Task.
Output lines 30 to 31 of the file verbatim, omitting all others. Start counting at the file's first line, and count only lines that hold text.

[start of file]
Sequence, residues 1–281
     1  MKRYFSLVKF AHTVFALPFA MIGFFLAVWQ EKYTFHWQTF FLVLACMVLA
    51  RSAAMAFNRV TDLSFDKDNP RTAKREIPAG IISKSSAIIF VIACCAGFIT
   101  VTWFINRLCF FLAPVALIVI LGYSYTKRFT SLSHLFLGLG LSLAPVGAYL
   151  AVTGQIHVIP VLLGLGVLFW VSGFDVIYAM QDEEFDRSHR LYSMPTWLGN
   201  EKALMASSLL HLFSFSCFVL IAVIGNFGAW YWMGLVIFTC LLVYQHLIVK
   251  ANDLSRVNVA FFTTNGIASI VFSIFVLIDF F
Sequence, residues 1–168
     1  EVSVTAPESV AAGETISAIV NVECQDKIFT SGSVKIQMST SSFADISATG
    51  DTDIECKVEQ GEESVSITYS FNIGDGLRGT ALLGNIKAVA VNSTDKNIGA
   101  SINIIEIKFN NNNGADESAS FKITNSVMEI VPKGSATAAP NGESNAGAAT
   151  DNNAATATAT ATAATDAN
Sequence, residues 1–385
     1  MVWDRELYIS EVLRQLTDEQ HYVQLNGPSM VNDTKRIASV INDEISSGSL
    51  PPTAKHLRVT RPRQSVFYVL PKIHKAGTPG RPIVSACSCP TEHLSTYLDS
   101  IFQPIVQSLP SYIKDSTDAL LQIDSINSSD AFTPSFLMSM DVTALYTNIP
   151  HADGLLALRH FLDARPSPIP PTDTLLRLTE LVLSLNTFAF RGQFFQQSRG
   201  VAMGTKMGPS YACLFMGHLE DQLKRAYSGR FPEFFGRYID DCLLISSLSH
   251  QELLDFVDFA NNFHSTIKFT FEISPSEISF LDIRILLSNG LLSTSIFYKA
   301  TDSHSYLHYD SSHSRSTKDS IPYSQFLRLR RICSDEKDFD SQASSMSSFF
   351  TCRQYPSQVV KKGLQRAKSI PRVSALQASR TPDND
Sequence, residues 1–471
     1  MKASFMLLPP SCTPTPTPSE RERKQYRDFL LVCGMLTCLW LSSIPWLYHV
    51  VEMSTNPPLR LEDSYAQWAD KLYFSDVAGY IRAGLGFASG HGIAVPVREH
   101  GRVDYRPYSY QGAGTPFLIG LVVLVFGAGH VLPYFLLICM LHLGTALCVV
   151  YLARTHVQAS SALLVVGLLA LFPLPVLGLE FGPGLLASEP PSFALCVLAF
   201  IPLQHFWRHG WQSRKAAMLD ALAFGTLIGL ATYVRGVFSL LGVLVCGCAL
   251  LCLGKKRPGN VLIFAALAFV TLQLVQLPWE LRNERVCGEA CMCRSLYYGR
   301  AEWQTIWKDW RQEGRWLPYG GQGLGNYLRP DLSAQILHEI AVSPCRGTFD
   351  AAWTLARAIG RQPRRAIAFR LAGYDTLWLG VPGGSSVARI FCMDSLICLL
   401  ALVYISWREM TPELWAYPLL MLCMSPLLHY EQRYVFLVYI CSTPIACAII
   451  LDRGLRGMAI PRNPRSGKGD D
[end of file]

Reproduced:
   351  AAWTLARAIG RQPRRAIAFR LAGYDTLWLG VPGGSSVARI FCMDSLICLL
   401  ALVYISWREM TPELWAYPLL MLCMSPLLHY EQRYVFLVYI CSTPIACAII